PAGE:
EFI did not sign up to an official register of ‘interest representatives’ (a synonym for lobbyists) until August 2011 – almost five years after the group’s inception. While it is not mandatory for lobbyists working in Brussels to join this database, they have been offered incentives to do so. Most significantly, obtaining an access badge to the European Parliament is effectively conditional on taking this step.

EFI’s entry in the register is scant on details. It says that the organisation had a total budget of €400,000 in 2012, all of which came from donations. Intriguingly, it maintained that less than €50,000 of that sum was directly spent on ‘representing interests to the EU institutions’. Six staff members had been granted access badges for the European Parliament. These included its director Elinadav Heymann, an Israeli who had previously been a foreign policy adviser to Britain’s Conservatives and their colleagues from several other right-leaning parties in the European Parliament, and who had served as an Israeli Air Force ‘intelligence analyst’.

In 2011, I asked EFI if it received any money from Zionist organisations in the US. ‘I promise you 100 per cent that no [we do not receive such funding],’ an EFI spokesman said.

Yet in a form submitted to America’s Internal Revenue Service for the 2009 tax year, the New York-based Near East Forum stated that it had given $33,000 to the EFI. When I contacted that forum’s office, a staff member told me it supported ‘organisations in Europe that help Israel.’ Asked if the forum was Zionist in outlook, the staff member responded ‘I guess you could say that’.

The Near East Forum also gave $53,000 to the European Jewish Development Fund(EJDF) in Brussels that year. Describing itself as ‘a source of centralised funding’ for projects that ‘promote Jewish pride’, the EJDF boasts of playing a ‘vital role in informing world leaders of the historical and current character of the Middle East and in lobbying on behalf of Israel’. Just one outfit is listed under the ‘public affairs’ category in the ‘what we support’ section of the EJDF’s website: European Friends of Israel.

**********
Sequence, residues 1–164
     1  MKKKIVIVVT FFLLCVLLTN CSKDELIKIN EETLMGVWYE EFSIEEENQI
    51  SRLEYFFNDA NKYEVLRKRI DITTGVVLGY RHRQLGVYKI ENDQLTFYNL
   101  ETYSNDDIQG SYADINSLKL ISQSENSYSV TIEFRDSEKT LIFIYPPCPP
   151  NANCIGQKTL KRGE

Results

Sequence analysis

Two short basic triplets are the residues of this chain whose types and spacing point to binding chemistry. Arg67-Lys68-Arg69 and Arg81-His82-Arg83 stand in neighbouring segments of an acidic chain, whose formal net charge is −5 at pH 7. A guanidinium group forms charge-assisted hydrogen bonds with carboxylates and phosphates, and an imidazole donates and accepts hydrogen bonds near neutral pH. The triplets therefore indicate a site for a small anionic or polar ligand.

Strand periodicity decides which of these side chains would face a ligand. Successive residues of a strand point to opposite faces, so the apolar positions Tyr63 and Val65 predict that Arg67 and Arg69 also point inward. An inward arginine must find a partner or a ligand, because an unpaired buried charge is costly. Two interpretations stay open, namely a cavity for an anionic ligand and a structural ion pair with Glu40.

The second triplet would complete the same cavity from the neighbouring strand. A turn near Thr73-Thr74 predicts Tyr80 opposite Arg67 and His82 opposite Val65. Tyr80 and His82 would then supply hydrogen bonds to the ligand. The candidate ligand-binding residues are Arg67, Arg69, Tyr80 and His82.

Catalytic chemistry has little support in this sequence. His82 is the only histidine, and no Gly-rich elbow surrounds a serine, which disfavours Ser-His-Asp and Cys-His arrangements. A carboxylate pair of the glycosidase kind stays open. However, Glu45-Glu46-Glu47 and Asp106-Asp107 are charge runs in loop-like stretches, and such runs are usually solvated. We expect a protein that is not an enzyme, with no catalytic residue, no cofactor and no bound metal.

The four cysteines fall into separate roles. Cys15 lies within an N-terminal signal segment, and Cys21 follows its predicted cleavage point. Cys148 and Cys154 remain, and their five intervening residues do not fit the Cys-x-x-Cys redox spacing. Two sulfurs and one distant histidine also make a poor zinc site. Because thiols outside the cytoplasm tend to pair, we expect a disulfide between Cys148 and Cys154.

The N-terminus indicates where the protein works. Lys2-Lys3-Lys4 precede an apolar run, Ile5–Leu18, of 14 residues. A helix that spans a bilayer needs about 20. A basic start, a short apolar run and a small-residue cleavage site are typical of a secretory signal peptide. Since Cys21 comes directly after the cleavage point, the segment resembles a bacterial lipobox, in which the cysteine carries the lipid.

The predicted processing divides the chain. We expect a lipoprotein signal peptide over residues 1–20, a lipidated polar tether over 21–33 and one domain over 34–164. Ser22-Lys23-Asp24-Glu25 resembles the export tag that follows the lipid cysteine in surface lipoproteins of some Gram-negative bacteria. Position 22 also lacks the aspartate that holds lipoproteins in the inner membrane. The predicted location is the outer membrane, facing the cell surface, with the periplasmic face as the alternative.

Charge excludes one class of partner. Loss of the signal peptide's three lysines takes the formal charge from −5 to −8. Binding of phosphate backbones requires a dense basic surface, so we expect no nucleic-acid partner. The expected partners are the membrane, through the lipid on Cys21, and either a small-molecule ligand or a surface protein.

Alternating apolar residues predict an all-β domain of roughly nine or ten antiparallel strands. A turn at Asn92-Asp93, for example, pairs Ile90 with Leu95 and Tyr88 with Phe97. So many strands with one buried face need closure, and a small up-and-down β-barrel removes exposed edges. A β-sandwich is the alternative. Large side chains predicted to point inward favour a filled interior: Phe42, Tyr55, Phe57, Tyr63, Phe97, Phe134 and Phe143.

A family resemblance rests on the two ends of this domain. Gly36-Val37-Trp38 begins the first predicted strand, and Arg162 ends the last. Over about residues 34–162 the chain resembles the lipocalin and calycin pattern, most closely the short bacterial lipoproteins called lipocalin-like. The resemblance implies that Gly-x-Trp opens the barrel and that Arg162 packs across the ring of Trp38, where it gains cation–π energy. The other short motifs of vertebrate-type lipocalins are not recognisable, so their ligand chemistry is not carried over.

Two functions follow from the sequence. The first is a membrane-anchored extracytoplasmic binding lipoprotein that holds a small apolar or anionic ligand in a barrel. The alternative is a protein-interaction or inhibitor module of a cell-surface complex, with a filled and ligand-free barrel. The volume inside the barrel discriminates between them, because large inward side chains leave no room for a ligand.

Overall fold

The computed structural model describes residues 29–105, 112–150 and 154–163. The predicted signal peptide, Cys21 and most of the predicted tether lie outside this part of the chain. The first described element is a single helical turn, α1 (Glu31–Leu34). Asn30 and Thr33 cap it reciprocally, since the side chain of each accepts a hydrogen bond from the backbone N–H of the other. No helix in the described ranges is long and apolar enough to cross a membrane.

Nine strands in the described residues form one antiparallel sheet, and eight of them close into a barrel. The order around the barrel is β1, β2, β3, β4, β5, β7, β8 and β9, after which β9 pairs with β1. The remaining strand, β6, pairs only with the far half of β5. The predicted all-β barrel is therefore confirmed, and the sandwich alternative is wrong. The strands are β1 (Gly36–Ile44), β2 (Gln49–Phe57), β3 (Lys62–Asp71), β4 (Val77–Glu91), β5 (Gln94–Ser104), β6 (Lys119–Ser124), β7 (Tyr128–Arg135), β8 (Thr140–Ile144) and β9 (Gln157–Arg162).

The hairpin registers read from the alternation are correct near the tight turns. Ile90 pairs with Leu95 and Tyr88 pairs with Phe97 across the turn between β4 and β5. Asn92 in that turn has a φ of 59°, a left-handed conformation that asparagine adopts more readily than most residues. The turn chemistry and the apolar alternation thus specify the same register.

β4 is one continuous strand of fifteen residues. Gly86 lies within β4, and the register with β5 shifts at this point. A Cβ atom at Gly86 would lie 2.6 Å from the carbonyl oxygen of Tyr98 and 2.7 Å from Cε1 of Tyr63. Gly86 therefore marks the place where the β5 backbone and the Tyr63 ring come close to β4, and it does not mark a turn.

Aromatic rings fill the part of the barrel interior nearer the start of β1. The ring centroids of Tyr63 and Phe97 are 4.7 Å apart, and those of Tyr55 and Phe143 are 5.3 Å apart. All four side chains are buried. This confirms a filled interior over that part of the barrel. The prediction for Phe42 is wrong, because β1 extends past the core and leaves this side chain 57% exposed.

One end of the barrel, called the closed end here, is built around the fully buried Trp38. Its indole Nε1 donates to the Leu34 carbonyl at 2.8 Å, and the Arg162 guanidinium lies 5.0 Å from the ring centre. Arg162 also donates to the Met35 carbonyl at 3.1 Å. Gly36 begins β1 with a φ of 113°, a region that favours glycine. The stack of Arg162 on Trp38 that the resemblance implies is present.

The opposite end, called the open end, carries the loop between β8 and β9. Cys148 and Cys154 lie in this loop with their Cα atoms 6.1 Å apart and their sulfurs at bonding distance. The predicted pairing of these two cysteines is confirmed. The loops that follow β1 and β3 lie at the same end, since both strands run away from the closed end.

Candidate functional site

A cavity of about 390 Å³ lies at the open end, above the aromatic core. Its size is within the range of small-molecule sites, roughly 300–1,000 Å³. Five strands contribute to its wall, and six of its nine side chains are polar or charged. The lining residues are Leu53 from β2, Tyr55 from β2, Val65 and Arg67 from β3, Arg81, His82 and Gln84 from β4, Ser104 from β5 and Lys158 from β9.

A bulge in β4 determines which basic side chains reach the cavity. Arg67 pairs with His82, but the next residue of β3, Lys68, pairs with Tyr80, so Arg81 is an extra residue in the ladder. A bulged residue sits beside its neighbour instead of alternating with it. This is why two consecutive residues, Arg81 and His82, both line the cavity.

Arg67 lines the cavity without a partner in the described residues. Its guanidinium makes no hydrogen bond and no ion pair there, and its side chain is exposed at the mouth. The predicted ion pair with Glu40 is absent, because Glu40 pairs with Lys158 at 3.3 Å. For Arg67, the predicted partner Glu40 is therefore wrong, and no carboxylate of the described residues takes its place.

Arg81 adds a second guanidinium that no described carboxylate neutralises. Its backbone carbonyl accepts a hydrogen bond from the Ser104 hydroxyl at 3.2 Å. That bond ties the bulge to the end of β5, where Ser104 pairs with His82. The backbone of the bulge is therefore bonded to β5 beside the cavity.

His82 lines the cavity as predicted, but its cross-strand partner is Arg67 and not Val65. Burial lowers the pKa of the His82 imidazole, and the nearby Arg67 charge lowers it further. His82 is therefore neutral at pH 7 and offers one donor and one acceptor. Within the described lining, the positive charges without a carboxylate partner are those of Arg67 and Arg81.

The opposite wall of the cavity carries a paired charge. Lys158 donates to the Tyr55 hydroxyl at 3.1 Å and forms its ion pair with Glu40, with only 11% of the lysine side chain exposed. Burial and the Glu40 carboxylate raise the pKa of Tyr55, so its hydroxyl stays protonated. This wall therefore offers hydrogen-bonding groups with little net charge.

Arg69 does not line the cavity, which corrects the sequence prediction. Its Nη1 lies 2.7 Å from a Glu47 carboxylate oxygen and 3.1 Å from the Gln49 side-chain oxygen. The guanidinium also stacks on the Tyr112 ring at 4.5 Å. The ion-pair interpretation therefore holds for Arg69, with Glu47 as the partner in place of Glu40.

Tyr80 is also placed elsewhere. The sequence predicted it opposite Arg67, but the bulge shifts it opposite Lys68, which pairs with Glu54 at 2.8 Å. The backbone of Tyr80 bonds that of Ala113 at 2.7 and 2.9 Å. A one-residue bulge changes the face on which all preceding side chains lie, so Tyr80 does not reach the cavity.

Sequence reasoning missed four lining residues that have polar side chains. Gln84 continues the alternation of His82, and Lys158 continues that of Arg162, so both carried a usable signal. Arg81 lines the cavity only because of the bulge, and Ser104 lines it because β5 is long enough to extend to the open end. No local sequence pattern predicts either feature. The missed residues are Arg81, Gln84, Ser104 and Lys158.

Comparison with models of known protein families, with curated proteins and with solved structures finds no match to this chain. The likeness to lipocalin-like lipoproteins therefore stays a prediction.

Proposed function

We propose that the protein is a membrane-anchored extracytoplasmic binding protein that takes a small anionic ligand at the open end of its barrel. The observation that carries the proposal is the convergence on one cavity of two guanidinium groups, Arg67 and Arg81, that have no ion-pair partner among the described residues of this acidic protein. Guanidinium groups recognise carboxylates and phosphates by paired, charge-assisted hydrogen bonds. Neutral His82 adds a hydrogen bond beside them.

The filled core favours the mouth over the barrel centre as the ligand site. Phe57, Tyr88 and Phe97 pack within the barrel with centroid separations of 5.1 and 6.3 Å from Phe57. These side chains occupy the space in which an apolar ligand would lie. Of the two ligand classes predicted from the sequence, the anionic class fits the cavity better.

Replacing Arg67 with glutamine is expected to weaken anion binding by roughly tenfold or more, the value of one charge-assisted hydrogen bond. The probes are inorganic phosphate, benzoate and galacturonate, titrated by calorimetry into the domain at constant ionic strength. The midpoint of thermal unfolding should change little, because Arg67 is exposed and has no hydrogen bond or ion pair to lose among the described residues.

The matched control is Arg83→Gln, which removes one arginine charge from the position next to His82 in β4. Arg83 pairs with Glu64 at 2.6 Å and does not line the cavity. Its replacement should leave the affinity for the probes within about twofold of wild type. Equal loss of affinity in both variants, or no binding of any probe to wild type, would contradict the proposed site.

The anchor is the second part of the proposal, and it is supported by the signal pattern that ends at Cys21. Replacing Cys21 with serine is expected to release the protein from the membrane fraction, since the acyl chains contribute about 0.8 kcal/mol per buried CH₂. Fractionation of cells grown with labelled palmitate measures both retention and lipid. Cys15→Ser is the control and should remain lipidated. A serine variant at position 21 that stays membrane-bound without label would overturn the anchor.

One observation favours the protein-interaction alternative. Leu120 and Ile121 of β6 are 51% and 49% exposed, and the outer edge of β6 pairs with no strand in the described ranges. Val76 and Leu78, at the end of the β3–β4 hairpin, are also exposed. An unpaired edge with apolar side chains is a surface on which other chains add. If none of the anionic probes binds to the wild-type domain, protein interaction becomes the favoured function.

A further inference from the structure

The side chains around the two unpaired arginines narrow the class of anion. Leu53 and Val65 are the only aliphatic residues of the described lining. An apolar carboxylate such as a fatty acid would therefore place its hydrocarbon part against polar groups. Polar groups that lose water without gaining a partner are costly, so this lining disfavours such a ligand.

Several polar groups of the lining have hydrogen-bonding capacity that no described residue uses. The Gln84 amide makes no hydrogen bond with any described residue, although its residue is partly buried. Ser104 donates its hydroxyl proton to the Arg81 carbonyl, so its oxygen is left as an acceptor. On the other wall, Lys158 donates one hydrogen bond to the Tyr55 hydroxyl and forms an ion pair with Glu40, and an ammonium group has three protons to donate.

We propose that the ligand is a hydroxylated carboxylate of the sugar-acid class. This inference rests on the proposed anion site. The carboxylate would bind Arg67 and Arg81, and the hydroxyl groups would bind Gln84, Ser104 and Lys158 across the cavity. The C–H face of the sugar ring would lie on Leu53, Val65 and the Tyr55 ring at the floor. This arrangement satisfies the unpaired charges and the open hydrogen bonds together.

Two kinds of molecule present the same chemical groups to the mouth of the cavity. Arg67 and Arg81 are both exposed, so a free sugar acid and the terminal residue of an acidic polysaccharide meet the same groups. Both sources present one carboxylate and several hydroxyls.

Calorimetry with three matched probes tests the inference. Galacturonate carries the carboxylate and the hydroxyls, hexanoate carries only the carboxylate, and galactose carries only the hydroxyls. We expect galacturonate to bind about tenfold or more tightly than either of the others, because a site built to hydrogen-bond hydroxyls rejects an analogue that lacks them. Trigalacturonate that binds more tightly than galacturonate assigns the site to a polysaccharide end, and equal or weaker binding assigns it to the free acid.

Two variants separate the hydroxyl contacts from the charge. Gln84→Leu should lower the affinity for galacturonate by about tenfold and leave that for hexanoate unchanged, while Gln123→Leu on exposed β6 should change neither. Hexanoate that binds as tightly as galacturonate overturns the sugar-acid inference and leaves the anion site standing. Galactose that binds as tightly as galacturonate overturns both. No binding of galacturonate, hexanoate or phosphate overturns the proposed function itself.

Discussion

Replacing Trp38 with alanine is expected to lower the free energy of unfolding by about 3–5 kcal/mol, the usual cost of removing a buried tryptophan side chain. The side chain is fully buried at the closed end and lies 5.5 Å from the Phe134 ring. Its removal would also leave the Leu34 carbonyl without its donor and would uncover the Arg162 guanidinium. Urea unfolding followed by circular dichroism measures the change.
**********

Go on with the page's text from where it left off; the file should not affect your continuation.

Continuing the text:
The EJDF was set up in 2004 by Moshe Garelik, an Italian-born rabbi with American citizenship. Over the past decade, Garelik has helped make Zionists more visible in Brussels by forming a number of organisations. Among them are the European Jewish Community Centre. Ostensibly a meeting place for Jews working in Brussels’ European quarter, its activities are not purely religious or cultural in nature. On occasions, it hasteamed up with EFI to host receptions to mark Jerusalem Day – an annual event celebrating Israel’s 1967 capture of East Jerusalem – in the European Parliament.

Garelik has quite literally given his blessing to Israel’s crimes against humanity. In 2006, he toured Israeli army bases to emphasise his support for the attack then being conducted against Lebanon. He reportedly tried to lift the spirits of Israeli soldiers with ‘holy words of encouragement’.

EFI is not an exact replica of the American Israel Public Affairs Committee (AIPAC), one of the most influential pressure groups in Washington. In 2011, AIPAC raked in more than $70 million in donations and grants.  While there is much opacity surrounding the Zionist lobby this side of the Atlantic, it is safe to assume that no organisation within it commands a remotely similar war-chest.

Some evidence of cooperation between EFI and AIPAC can nonetheless be found. Ranaan Eliaz, who had previously worked with the Israeli National Security Council advising prime ministers Ariel Sharon and Ehud Olmert, has stated that he was ‘instrumental’ in establishing EFI. He had been a staff member of AIPAC in 2004.

Key players in EFI have clearly made a point of studying how AIPAC works. Dimitri Dombret, EFI’s first director, confirmed to me in 2009 that he had met AIPAC representatives in Washington a number of times. More recently, EFI has sent as many as70 delegates to the annual AIPAC conference. Photographs posted on EFI’s Facebook pageshow Elinadav Heymann, the group’s current director, speaking at a side event held during the conference in March 2014.

Although EFI has not published the names of those who comprised these delegations, anote on its website states that they have boasted ‘leading parliamentarians, business executives from across Europe, experts in foreign policy and policy-makers relating to the Middle East’.

Part 2 of this investigation, which looks at EFI’s corporate backers and its lobbying for trade deals, will be published 21 May 2014.

Notes:

1. Interview with the author, 18 February 2014.

2. Exchange of emails between office of Charles Tannock and the author, March 2014.

3. Interview with the author, 25 March 2014.

4. Exchange of emails between Geoffrey Van Orden and the author, October 2013.

5. Annex to Moniteur belge (Belgium’s official journal), 31 August 2006.

6. Annex to Moniteur belge, 10 January 2012.

7. Telephone conversation with the author, 30 April 2014.

David Cronin is an Irish journalist and political activist living in Brussels. He is the author of Corporate Europe: How Big Business Sets Policies on Food, Climate and War (Pluto, 2013). His earlier book is Europe’s Alliance With Israel: Aiding the Occupation (Pluto, 2011). Via Spinwatch.